By Marlena De Lacroix
Whenever I talk about favorite old soaps with longtime soap fans, the conversation always ends the same way: “Weren’t soaps so much better then?”
We all yearn for yesterday. For many of us, soaps have been part of our lives for decades. It feels good to look back, just as it would looking at a family album.
And since Marlena has been around soaps for a long time, I’d like to share some of my memories and soap memorabilia with you. In the early 80s I was the editor of two soap publications. One of them was Soap Opera World, a newsprint mail-order monthly. Today, from 1983, I’d like to present Kristian Alfonso’s first-ever soap interview. Kristian was only 19 then, and had been on Days of Our Lives as Hope Brady less than a month.
Recalls writer David Johnson, still one of Marlena’s closest friends: “She was astonishingly beautiful. I remember her eating lettuce leaves throughout the lunch interview.” David shyly remembers that she still had a smidgen of baby fat then.
So here it is, 24 years later, an interview with the always slender, very beloved actress, who has come into our households most of the days of our lives …
KRISTIAN ALFONSO GOES FOR THE GOLD!
By David Johnson
From Soap Opera World, November 1983
Beautiful brunette Kristian (that’s her real name — it’s actually Kristian-Joy, no middle name) Alfonso is lunching in her studio dressing room. She munches on lettuce leaves and cucumber slices with a straight vinegar dressing from a plastic container brought from home. ”I’m always on a diet,” she volunteers. ”I have to watch myself — as you can see. Want a cucumber?”
“My dream was to ice-skate in the Olympics,” says just-turned-19 Kristian, who plays Hope Williams on Days of Our Lives. ”I started when I was almost nine. I was already taking dance lessons — lyrical jazz, ballet, tap. My sister, Lisa — she’s 13 months older than I am — was taking skating lessons, and I used to go and watch. (She goes into a little-girl voice routine.) I said, ‘Mom, can I skate too?’ So I started skating, and I took right off.”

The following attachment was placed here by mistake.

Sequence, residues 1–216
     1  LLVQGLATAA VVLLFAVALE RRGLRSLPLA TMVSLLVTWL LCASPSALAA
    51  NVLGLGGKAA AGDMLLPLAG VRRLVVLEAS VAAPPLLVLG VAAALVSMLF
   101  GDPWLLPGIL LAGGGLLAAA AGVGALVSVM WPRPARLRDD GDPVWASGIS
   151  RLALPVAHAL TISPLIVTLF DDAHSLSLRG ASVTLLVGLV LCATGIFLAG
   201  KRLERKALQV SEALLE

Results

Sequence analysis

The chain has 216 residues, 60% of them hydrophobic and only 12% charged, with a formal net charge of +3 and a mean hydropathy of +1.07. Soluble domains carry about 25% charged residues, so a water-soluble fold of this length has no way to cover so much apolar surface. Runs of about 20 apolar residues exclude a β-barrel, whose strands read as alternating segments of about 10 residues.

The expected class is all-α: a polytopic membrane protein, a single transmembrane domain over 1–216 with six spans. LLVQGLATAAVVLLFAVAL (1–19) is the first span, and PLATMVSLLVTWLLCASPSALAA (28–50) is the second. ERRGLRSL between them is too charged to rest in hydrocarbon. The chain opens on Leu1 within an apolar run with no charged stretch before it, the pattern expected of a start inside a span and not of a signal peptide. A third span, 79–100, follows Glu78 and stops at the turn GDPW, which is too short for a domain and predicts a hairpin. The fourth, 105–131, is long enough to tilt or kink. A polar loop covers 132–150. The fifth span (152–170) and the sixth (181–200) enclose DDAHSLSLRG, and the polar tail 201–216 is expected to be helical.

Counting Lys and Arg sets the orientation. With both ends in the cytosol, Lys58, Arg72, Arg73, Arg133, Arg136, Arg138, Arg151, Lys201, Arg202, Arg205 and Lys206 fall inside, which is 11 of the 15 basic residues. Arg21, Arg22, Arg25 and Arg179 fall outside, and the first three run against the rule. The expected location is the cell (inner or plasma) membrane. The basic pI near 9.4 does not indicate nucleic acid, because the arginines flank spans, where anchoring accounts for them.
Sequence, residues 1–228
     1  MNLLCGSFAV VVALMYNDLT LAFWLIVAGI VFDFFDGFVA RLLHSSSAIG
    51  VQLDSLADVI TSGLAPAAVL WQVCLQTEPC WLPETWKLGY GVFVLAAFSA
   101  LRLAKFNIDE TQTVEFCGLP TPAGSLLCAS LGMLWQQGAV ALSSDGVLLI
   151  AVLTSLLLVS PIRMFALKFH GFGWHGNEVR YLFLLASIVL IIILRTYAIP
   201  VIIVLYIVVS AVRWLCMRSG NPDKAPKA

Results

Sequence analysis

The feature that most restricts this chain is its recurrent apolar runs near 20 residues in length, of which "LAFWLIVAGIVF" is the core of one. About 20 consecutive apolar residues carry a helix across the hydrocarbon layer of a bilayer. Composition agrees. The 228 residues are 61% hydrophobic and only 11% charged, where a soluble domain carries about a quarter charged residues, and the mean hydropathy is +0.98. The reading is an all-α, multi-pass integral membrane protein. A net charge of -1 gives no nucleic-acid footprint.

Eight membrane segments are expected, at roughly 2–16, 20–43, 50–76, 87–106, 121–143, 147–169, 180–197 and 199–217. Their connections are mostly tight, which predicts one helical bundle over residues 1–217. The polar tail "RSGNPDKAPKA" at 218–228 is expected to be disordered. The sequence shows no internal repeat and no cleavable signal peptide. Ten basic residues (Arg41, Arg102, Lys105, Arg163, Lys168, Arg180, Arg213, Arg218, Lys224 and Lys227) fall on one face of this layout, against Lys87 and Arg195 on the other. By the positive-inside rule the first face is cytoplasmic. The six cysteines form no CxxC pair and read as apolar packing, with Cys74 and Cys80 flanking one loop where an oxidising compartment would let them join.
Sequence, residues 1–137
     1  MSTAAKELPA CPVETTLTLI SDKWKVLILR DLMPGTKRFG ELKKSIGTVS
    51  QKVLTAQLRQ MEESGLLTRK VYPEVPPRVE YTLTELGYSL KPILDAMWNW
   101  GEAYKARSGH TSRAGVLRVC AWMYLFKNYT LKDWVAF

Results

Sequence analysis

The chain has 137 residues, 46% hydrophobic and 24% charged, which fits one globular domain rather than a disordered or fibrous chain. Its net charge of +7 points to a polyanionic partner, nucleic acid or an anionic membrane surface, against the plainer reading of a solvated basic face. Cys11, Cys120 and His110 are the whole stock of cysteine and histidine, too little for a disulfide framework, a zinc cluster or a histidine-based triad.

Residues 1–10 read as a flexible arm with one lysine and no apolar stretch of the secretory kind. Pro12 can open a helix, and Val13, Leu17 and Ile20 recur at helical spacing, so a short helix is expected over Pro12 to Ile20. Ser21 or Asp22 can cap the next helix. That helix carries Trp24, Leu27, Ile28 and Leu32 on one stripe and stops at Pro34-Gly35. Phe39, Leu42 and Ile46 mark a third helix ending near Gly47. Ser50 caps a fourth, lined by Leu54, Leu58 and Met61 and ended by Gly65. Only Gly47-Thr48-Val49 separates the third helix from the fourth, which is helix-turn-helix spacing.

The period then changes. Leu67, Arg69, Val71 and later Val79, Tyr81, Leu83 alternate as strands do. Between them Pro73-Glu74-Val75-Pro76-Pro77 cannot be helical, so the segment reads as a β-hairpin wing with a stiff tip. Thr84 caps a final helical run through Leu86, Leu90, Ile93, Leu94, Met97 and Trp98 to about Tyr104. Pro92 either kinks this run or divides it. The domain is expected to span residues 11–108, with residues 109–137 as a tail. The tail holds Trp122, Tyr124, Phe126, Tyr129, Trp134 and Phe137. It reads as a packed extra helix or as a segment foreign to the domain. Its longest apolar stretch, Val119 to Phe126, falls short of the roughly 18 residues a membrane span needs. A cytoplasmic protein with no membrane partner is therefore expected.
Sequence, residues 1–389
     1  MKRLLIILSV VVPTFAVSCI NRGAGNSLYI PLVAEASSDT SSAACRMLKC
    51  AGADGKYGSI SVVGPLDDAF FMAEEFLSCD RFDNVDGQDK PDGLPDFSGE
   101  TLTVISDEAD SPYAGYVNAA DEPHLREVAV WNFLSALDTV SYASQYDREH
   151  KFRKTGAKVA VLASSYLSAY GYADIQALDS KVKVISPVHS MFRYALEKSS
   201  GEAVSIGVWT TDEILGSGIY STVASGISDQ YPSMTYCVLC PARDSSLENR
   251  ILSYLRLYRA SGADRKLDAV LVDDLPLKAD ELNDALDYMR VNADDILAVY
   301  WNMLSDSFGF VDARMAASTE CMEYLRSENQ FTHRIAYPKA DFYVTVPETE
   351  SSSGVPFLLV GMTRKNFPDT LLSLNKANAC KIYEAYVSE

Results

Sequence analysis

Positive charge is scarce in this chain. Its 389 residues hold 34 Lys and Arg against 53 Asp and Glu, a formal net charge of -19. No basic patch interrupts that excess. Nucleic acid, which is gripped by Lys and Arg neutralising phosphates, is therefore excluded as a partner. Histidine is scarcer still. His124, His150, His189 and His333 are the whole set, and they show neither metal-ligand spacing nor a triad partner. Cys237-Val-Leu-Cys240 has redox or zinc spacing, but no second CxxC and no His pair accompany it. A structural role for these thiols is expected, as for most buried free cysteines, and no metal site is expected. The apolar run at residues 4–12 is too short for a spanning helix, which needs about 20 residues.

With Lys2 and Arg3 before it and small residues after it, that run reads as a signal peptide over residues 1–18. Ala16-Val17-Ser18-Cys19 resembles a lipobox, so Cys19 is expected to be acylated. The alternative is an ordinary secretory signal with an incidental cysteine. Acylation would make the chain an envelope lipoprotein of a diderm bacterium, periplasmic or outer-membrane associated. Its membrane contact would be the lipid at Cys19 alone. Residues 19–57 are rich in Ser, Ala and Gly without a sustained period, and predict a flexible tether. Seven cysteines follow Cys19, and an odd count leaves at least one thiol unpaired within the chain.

That was in the suburbs outside Boston, Massachusetts, and Kristian says about the training, “There’s a lot of discipline involved. I’d be up at four o’clock and start skating before school and then it was back to the rink after school. You really have to train every single day — Sundays too — because it’s so intense. But I loved it.”
A tobogganing accident brought Kristian’s dream of the Olympics to a crashing halt. “I broke my leg. I had crushed the whole leg. I was absolutely heartbroken, because I’ll never be able to skate the way I used to, even though I can still jump and spin.
“I was out of commission for about a year and a half. While I was in the hospital, they found out I also had mono(nucleosis) and tonsillitis and a strep throat and everything-I was a mess! I had surgery and had my leg in three different casts. I convalesced at home. The best part of it all was that my teachers had to come to my house to give me my lessons.”
Before the accident, Wilhemina, owner of one of New York’s top modeling agencies, spotted Kristian during a skating competition and signed her to a contract. “Wilhemina had never accepted anyone under 18 years of age before. I was 13 going on 14 when I signed. I was never a teen model. I was on the big board with all the top models in the office.
“If you saw my pictures, you’d think I was 25. I photograph a lot older. I work for Vogue and everything.
“My spirits were real down (because of the accident), but everything happened so fast with the modeling. It bothered me not being able to skate anymore, so I had to do something. I had to look on the positive side, or I would become terribly depressed.”
NBC saw a picture of Kristian, which resulted in her playing a key role in the four-hour TV-movie, The Starmaker. (She was 16 and had just started taking acting lessons.) A development contract with the network followed.
Kristian says Doris Sabegh, who’s in charge of casting Days of Our Lives, “really pushed me. If it weren’t for her, I wouldn’t be here.” A successful screen test with Wayne Northrop (“he’s a doll”) , helped cinch her signing a contract with Days, a show she’d watched during her recuperation. (“I was thrilled when they told me I got the part.”)
The long, hard hours it takes to produce a daily one-hour episode of a soap demand a great deal of discipline. Kristian Alfonso feels at home in this kind of atmosphere. She chomps on a cucumber and says, “As long as it’s something I enjoy, I work real hard at it.”
Kristian Alfonso today